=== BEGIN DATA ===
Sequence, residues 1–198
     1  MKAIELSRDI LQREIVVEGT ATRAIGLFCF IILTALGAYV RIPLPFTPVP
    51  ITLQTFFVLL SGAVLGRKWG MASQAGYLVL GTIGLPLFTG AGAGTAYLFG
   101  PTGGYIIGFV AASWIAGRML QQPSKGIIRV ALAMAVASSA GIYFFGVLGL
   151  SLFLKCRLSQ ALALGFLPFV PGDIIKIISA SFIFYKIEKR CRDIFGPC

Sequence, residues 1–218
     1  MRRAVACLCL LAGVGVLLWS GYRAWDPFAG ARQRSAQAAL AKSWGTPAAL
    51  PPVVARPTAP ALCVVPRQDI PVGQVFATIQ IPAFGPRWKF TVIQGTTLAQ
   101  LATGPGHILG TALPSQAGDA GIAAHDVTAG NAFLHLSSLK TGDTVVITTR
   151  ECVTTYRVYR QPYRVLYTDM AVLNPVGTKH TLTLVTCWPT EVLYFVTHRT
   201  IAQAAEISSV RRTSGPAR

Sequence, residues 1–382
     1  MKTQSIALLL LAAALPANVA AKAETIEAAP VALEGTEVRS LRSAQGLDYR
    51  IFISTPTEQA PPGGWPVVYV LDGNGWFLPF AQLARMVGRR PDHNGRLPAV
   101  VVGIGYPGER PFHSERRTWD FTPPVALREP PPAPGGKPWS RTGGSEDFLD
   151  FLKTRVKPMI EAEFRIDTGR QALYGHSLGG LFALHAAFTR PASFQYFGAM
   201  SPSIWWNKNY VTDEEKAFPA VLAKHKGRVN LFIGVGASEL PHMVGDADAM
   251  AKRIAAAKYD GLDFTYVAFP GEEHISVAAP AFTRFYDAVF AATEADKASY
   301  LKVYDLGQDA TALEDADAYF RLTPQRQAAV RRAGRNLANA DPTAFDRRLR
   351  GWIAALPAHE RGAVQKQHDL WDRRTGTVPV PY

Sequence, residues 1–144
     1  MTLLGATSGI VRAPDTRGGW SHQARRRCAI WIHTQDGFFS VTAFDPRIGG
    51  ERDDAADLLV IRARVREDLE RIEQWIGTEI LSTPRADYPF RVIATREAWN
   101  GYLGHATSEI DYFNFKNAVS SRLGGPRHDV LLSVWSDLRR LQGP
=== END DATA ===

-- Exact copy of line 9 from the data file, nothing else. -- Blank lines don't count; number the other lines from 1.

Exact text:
   101  LATGPGHILG TALPSQAGDA GIAAHDVTAG NAFLHLSSLK TGDTVVITTR